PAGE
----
Higher ed. progress needs tax raise

By Paul Wagner

If the General Assembly does not approve Gov. James Thompson’s proposed tax increase, it might have detrimental effects on higher education, according to Illinois higher education officials.

An Illinois Board of Higher Education report stated a budget for fiscal year 1988, which assumes no increase in appropriations from the state’s General Revenue Fund, would have several detrimental effects on higher education.

No funds would be available for faculty and staff salary increases if the tax increase is not approved, the IBHE stated. The IBHE stated an overall increase in salaries without a tax increase would necessitate reducing staff.

IBHE initiatives in areas of improving minority student achievement, encouraging cooperation between higher and secondary education, strengthening undergraduate education and supporting economic development in Illinois will be delayed or possibly terminated without the tax increase.

The level of General Revenue Fund support per student, in constant dollars, would drop because of a projected increase in inflation. The IBHE stated, “This (reduction in per student support) would reverse the direction of four years of progress in improving per-student support from the General Revenue Fund.”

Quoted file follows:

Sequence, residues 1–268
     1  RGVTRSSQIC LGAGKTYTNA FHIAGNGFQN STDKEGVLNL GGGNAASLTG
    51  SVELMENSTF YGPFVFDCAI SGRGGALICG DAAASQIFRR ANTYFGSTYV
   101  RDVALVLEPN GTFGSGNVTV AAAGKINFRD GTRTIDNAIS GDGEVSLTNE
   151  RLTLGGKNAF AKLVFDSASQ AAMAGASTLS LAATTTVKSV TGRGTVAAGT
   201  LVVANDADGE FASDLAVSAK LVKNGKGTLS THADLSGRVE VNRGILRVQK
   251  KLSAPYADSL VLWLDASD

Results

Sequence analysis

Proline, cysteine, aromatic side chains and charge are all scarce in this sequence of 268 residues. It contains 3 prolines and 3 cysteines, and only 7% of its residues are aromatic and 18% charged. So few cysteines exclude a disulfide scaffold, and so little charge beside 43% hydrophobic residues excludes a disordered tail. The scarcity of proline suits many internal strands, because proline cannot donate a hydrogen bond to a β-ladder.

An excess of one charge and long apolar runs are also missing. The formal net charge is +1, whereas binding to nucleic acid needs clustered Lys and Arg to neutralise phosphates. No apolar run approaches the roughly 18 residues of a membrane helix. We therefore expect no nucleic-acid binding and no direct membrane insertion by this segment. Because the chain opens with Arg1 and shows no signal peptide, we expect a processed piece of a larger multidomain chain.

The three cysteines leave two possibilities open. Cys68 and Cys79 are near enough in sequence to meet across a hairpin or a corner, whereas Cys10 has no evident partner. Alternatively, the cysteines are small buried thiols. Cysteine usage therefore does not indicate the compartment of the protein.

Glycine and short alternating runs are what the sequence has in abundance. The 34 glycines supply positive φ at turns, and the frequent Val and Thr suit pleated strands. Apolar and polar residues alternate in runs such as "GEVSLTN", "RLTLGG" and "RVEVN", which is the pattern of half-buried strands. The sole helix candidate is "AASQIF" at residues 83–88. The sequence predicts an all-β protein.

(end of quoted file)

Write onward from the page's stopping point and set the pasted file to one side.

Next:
The effects of not increasing taxes “will be an erosion of improvements attained in recent years and limitations on higher education’s effectiveness in helping the state achieve greater competitiveness in the national and world economies,” the IBHE stated.

NIU President John LaTourette echoed the IBHE’s support for the proposed tax increase at a press conference Tuesday. “Unless there is an increase in the tax base, I see some real slippage in … the long-term potential of the Illinois economy,” he said.

A 0.5 percent increase in the state’s income tax would mean a “tremendous difference” for the state’s economy, LaTourette said. A 0.8 percent corporate tax increase also is needed, he said.

LaTourette said he did not support an increase in sales taxes. Thompson’s proposal calls for expanding the sales tax base to include such items as entertainment. LaTourette said service taxes have not been effective in generating revenue and have been detrimental to economic incentives. He said economists call these “nuisance” taxes.

Illinois has slipped from being a leader in supporting higher education to 40th among 50 states, LaTourette said. The state has made progress in the last four years, but the tax increase is needed to continue progress, he said.